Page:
The iconic pixel camo—or the Universal Camouflage Pattern—of our war-torn 2000s is on its way out. As told by Daniel Engber at Slate, the great digital experiment by the U.S. Army is a long story of high-fashion and high-hypothesis. If it never made sense to you either, don’t worry—the theory behind the pixelated camouflage never hatched a chameleon.
Even before the UCP was issued to soldiers, lab tests showed that it didn’t perform as well as other designs…It didn’t take long for sergeants to begin complaining from the field, and by the summer of 2009, the $5 billion boondoggle had made its way to the floor of the House of Representatives. Soldiers in Afghanistan were issued replacement uniforms with a more traditional, splotchy camouflage known as MultiCam, and the Army embarked on a three-year study to choose a permanent replacement. That period is almost over,… and it’s starting to look as if the military’s long-running experiment with “digital camouflage” is about to end, once and for all.
The pixel print started (like its analogues in high fashion) as a look-book style for the warrior set…In the early 2000s, the Marine Corps pushed into the avant-garde by donning a digital print borrowed from the Canadians…When it came time for the Army to update its own uniforms a few years later, the Marines’ pixelated “MARPAT” scheme served as the model. “It was trendy,” one military textile engineer told the Daily. “If it’s good enough for the Marines, why shouldn’t the Army have that same cool, new look?”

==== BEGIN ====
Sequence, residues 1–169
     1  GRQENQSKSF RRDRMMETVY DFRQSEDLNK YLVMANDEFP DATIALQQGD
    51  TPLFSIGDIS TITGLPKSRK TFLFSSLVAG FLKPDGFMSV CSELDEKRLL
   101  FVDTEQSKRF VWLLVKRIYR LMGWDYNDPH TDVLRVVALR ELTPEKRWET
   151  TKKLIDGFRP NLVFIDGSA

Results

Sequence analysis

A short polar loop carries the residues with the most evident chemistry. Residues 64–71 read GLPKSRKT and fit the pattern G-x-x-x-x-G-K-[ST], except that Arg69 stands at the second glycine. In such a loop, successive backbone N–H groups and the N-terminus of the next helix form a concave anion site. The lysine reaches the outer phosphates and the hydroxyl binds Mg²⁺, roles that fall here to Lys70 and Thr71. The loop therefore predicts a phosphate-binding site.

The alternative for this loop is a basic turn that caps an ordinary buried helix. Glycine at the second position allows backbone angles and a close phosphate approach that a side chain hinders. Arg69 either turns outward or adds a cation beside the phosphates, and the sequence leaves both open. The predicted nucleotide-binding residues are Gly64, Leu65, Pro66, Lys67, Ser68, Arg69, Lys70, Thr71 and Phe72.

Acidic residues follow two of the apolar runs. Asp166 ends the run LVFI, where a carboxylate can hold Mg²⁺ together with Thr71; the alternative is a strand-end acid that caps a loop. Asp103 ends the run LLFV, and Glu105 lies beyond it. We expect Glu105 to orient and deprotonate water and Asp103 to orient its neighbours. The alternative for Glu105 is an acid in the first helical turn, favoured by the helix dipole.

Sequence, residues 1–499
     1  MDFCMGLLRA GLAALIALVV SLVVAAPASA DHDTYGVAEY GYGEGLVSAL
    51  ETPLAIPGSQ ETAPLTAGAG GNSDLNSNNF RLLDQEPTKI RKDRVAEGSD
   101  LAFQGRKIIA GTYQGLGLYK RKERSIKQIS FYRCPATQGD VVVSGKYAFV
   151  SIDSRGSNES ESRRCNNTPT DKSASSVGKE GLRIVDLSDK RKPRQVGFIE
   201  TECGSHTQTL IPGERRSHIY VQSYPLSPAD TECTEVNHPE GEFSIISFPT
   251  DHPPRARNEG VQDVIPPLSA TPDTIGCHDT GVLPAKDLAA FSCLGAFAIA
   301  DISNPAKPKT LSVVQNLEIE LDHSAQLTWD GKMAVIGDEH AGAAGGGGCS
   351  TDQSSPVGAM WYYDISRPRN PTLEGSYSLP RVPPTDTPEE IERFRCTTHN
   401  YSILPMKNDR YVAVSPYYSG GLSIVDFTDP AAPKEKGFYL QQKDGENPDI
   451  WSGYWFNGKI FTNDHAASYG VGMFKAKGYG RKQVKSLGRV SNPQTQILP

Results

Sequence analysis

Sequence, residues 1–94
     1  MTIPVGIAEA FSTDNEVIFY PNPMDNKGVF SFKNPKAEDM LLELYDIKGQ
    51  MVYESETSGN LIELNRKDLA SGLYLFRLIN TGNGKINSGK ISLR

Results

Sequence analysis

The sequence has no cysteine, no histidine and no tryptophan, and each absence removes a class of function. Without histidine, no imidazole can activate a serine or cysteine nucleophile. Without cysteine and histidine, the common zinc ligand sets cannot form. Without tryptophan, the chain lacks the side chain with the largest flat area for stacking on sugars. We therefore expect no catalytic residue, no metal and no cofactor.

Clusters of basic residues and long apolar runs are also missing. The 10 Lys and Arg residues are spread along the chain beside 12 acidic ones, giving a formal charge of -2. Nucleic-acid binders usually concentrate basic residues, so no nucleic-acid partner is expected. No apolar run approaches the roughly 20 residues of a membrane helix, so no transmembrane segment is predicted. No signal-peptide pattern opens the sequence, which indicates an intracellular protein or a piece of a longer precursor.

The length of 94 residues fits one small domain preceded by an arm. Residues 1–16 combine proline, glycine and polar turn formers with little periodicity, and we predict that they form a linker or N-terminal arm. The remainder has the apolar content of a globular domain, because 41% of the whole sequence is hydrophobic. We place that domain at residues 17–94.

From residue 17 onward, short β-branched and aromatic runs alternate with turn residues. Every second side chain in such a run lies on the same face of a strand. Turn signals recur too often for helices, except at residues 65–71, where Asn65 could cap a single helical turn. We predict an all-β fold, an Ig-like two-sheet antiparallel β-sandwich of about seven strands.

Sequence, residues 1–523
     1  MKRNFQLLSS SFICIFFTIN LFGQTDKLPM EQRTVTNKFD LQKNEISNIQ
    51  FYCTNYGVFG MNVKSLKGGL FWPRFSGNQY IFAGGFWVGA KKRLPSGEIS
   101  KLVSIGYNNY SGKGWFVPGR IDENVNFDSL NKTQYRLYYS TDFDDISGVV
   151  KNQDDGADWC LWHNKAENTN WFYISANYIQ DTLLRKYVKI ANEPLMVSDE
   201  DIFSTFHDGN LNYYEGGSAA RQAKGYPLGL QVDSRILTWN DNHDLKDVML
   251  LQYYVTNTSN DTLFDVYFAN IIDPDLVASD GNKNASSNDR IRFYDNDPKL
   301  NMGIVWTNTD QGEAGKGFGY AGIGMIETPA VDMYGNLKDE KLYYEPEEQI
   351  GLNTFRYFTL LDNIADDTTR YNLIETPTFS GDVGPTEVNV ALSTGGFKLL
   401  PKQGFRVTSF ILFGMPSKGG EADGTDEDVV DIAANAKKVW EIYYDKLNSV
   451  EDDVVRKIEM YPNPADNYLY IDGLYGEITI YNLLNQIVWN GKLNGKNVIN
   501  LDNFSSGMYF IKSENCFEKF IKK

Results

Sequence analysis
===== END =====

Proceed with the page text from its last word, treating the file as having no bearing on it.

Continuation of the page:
That’s jumping ahead, though. Pixelated camo prints, or at least the theorybehind them, arrived long before the fashion craze. Their history begins with an experimental psychologist (and Jungian analyst) named Lt. Col. Timothy O’Neill. While teaching at West Point, O’Neill thought to apply new ideas about human perception to the art of the concealment.
The theory is contested, but O’Neill insists the hard edges of pixels made enemies’ eyes process the enviroment around the target instead of the target itself, based on what the Engber says is his misinterpretation of “lateral inhibition.” Despite the theory, in the end the pattern just failed test after test. And it looks like the military was reluctant to admit it:
According to the U.S.patent issued for the Marines’ MARPAT camouflage, the selection of four-sided pixels had nothing to do with concealment. Rather, the tiny squares were easier to print on fabric.